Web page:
Is your PC safe from malware? OPSWAT Security Score answers
Understanding a PC’s security status normally involves considering many separate factors. Does it have an antivirus program installed, for instance? A backup tool? A firewall? Are they set up correctly, and being used on a regular basis? Evaluating every possibility could take you a very long time.
Or alternatively, you could just run OPSWAT’s Security Score, a free and portable tool that will quickly report on your target PC’s security, and give advice on how it could be improved.
The program is very simple, with no configuration options to consider, and a very straightforward interface. After launching, all you have to do is check its terms and conditions (the key point being that they’ll collect general statistics on the security applications people are using), agree to them if you like, click “Start”, and within a few seconds the program will rate your PC’s performance in seven key areas: Antivirus, Antiphishing, File Sharing, Backup, Patch Management, Encryption and Firewall.
What do these scores mean? Clicking an individual area will drill down into the details. Our test PC scored 20/20 for Backup, for instance, because it detected that we had both Windows Backup and Macrium Reflect installed and running. (The program will also try to tell you your last backup time, but for some reason this wasn’t possible on our system.)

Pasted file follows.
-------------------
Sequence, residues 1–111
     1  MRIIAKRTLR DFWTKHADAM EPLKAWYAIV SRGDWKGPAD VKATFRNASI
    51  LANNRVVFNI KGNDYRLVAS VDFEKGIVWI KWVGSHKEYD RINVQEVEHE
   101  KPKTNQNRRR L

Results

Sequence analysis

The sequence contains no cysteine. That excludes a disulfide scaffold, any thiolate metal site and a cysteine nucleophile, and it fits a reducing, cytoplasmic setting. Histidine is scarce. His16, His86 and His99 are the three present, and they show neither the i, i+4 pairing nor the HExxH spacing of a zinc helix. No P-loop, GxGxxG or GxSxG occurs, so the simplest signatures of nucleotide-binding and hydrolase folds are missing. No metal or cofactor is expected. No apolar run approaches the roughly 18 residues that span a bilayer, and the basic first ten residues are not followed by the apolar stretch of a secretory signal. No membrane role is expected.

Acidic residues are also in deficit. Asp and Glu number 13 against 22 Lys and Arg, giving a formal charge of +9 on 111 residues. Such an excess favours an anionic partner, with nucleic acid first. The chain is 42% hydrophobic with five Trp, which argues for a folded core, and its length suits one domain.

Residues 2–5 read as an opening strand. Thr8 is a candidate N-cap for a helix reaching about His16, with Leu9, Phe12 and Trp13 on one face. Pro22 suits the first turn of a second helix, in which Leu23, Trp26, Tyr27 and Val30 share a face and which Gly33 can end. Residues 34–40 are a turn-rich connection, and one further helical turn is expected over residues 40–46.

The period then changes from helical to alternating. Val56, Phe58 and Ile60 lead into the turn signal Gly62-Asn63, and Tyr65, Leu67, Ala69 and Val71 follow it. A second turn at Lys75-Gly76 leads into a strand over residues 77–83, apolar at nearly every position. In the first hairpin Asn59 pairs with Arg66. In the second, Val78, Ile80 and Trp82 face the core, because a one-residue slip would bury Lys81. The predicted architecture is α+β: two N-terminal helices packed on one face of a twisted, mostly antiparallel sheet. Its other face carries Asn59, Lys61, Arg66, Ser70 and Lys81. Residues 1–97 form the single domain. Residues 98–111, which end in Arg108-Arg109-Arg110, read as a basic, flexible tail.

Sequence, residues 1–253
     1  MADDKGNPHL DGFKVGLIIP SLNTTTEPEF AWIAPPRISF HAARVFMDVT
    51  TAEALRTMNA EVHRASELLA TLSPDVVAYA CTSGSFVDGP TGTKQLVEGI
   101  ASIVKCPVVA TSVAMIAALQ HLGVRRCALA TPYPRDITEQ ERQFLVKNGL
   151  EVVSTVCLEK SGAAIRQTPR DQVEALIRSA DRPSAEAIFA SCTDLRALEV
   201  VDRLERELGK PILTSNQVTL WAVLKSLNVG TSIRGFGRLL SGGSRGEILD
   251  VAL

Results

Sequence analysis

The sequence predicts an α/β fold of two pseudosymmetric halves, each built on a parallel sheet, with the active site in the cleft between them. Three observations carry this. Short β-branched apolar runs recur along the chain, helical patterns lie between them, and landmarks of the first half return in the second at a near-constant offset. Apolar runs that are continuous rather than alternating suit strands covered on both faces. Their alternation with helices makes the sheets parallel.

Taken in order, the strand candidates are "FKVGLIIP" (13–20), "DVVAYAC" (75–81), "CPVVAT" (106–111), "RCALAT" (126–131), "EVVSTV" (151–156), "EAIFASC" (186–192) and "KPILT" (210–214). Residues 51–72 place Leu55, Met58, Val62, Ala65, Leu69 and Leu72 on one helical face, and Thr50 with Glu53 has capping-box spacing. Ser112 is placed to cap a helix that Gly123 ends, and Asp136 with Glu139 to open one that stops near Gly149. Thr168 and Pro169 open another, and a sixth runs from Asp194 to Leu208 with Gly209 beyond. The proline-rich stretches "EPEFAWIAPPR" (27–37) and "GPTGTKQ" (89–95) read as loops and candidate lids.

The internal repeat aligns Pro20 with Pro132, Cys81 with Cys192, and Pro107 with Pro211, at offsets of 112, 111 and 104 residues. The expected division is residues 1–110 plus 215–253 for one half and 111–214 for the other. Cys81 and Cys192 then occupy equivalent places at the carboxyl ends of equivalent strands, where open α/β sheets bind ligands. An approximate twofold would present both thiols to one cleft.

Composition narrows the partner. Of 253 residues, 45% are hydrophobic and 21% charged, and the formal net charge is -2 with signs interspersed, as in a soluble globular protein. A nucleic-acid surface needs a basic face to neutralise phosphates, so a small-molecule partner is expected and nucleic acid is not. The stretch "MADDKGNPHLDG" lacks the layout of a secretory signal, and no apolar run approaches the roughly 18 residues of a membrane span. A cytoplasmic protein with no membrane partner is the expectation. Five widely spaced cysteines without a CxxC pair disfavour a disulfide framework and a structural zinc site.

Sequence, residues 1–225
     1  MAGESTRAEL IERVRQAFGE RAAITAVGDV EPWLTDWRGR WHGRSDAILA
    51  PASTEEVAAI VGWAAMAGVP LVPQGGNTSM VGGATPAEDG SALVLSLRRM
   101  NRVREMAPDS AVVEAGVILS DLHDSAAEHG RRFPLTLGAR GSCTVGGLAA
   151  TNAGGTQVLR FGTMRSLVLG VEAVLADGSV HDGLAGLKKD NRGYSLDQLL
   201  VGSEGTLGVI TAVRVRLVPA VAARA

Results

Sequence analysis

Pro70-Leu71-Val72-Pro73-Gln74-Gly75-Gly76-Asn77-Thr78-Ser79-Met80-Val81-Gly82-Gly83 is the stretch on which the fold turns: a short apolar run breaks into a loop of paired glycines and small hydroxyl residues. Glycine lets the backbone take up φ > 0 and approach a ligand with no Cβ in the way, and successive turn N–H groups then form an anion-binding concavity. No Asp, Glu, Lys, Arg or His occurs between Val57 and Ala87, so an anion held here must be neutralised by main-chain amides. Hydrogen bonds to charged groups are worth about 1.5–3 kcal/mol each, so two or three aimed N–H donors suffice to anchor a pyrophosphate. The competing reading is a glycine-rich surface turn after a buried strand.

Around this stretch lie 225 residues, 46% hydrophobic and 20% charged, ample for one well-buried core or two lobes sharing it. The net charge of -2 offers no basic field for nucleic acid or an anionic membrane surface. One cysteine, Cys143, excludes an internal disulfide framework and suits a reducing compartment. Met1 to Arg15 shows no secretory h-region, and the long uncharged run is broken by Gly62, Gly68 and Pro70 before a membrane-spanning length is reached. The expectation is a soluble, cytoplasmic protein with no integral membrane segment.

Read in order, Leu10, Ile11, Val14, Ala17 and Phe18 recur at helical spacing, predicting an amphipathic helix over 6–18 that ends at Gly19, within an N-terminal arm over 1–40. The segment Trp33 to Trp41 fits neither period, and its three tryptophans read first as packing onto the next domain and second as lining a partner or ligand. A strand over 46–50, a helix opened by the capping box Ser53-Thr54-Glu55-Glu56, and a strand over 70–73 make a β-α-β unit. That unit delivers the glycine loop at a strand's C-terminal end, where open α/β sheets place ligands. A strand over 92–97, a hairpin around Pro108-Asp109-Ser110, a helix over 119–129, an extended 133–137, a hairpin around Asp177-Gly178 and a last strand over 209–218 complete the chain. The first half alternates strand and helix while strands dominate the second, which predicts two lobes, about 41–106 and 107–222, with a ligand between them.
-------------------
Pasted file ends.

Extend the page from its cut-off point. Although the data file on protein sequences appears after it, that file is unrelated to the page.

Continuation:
Other scores seemed a little more questionable. We also scored 20/20 for antiphishing, but that seemed to be solely on the basis that we were using the built-in IE and Firefox protection. Are OPSWAT really saying that merits the highest possible score?
We weren’t entirely sure that our test PC should have received 5/10 for “hard drive encryption”, either. Apparently we got half marks for having Bitlocker available, even though we weren’t using it, and therefore it was providing no protection at all.
But there’s still plenty of valuable information here, particularly if you’re running OPSWAT Security Score to quickly evaluate someone else’s system. If your kids have a laptop which they use, for instance, then the program is an easy way to make sure it’s still configured properly (backups are still running, antivirus is installed and working, they’ve not installed file sharing software, and so on).
We’d still like a little more configurability, especially in terms of deciding how the various elements are scored. But even now OPSWAT Security Score can be very useful, providing a quick and convenient way to evaluate the security of any PC.